It was in her youth that the environmentalist Irle Firmo, now 75 years old, had her first contact with brazilwood (pau-brasil). The one who showed her the species, native to the Atlantic Forest, was a priest who taught her the natural sciences. He had a brazilwood in his home and he liked to hand out seeds wherever he went. But he had no idea that he was giving Irle a gift: today, through the Criando Raízes (Making Roots) project, she perpetuates this love that her teacher had for the environment. The seedlings and seeds that the environmentalist distributes come from a brazilwood that she has in her yard. As proof of the love she feels for the tree, she carries a delicate pendant on her neck, in which there is a brazilwood seed in the shape of a heart. At the moment, Irle takes care of 30 seedlings that’ll be planted in a forest, next to Recife’s Nossa Senhora das Graças chapel, inside the Ricardo Brennand Institute, in the Várzea neighborhood.
Dona Irle, where did the idea of founding the Criando Raízes project come from?
Actually, nothing was planned. The project was born before I even named it. I started to hand out the first seedlings well before 2009. I liked to plant, and people started to get interested and ask me. That’s when I started to do distribution events and when it started to gain strength, I named the project. In a world that only talks of violence, why not do something good? Taking care of the environment is good. And while Father in Heaven gives me health, I’ll support the cause. I like to give out seeds, seedlings, plant, spread my knowledge to anyone.
The love you feel is notorious. Could you tell us about the unusual fact of finding a heart-shaped seed?
It was late afternoon. I was sweeping the yard, and suddenly I saw a dark dot in the shape of a heart. When I picked it up, it was a seed. At the time, I was surprised and called the Brazilwood Foundation. They said they’ve never heard of anything like it. It cannot be anything but a gesture of gratitude for the way I care for my tree. It gave me a message and I promptly varnished it and carry it around my neck. I only take it off when I’m going to take a shower.
With whom did you learn to be a guardian of nature?
This tree (brazilwood) that is in my backyard and gives me this wonderful shade, I was given it by a priest who was a teacher in my youth. He had a brazilwood in his house and liked to distribute seeds and seedlings wherever he went. It was with him that I learned to love and care for nature. And I perpetuate all the good that he passed onto me. He didn’t even know that he was giving me a great gift, because it is from this brazilwood that I collect the seeds and hand them out in sachets to people.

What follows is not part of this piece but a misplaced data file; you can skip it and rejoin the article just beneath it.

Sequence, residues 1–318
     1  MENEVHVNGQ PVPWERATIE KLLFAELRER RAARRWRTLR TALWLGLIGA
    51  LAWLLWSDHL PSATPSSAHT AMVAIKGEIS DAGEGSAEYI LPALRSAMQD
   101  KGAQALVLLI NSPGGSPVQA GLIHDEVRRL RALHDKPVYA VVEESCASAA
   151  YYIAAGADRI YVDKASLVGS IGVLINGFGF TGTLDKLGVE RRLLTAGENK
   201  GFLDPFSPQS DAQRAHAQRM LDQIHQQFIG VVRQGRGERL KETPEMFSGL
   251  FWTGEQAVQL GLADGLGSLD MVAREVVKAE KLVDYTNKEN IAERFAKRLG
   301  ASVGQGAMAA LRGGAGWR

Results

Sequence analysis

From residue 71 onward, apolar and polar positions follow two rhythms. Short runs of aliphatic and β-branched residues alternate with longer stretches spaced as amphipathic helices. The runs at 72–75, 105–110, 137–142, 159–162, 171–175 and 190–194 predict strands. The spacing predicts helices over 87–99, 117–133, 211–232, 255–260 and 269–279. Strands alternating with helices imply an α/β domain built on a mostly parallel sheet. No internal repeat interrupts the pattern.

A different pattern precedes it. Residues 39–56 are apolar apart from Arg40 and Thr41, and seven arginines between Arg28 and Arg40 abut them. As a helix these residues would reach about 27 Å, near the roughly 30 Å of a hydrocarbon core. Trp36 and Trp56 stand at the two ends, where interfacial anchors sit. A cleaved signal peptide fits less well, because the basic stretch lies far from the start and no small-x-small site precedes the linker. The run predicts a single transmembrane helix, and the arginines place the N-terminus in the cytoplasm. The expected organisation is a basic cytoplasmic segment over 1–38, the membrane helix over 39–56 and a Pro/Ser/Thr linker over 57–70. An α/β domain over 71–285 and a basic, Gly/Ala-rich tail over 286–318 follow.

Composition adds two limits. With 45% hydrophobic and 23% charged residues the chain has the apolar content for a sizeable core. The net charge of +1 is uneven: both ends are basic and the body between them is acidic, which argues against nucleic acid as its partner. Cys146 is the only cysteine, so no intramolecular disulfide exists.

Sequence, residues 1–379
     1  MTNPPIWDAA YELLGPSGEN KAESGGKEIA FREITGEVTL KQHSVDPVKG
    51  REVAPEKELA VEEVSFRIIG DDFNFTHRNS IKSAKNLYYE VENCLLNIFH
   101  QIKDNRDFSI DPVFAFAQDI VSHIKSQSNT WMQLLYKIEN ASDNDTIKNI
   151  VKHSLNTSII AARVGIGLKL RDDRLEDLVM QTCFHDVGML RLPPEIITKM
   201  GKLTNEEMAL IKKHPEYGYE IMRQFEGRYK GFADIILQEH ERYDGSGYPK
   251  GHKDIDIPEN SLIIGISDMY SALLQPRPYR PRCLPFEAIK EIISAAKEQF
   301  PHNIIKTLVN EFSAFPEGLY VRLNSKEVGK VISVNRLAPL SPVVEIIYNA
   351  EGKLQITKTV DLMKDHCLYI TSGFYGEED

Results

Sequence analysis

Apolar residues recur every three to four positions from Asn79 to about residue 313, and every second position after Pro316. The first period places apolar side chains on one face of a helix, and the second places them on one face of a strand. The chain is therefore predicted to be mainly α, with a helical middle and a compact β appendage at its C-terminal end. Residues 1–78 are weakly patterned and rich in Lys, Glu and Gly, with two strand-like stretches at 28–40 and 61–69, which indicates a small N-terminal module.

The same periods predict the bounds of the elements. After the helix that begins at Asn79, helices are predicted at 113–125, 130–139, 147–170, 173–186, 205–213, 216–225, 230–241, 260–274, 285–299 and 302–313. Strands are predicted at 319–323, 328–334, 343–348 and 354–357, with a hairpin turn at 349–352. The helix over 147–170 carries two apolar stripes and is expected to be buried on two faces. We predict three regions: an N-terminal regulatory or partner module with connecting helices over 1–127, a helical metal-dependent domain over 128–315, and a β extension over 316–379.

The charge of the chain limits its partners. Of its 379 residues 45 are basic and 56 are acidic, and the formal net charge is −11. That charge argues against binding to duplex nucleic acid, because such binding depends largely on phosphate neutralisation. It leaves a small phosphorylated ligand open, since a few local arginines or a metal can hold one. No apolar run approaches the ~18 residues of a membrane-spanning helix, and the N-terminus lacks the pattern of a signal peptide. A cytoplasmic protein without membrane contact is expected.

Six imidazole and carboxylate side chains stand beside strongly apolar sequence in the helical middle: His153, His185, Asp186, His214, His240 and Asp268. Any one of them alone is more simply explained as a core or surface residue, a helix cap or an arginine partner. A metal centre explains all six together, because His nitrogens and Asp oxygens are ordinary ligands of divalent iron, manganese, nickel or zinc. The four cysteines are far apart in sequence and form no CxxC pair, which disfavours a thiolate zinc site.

Besides this, do you have any other memories of brazilwood?
I’ll tell you something that even seems like a joke. One day, watering the plants, I thought, “When I die and maybe go straight to hell, my plants will say, ‘You can take her out of there, because she gives water to us every day.'” I thought it was just a fantasy in my head, but God listened and gave me a mission. Believe me, I took ten days to pick up 1,110 seedlings from the yard. Even the taxi driver who came to bring me home, left with two hands full of seeds. It was very funny.
Do you have any idea how many seedlings and seeds you have already handed out?
Ah, countless. I’d put the count at more than 400 seedlings and more than a thousand seeds. To the Women’s Prison alone I gave 100 seeds, that was four years ago. Of these, 75 sprouted. The prisoners even made a science fair and talked about the history of brazilwood. I was very proud and happy at the time. Even my grandniece, Giovana, got into it. The tree I have on my sidewalk, she planted when she was 2 years old. I remember when Giovana turned 7, I asked: “Hey, Gio, instead of handing out souvenirs, why don’t we give brazilwood to your classmates?” She loved it. And to this day she is a defender of Brazilwood.
How important is it for people to buy into this idea?
Although many do not realize it, replanting is important. Plant a tree and you save on air conditioning. Brazilwood is easy to handle, to plant, besides adapting easily because it is native to our region. One only has to have good will, something that is still very much missing between people. Many think that replanting is a government obligation, but this is all of our responsibility. We have to take care of the environment. It’s our house.
When you hand out seeds, do you pass along this awareness?
Of course. I reinforce it with a little note in each sack of seeds I distribute, as well as talking to people. But it’s not only nature that people should care for. On paper, I leave a message in bold letters “Plant the brazilwood seed in the earth and fraternity in your heart.” What I mean by that is that your heart is the land you can command. That in it you must plant the best feelings. And it is these feelings that are the seeds that you must carry.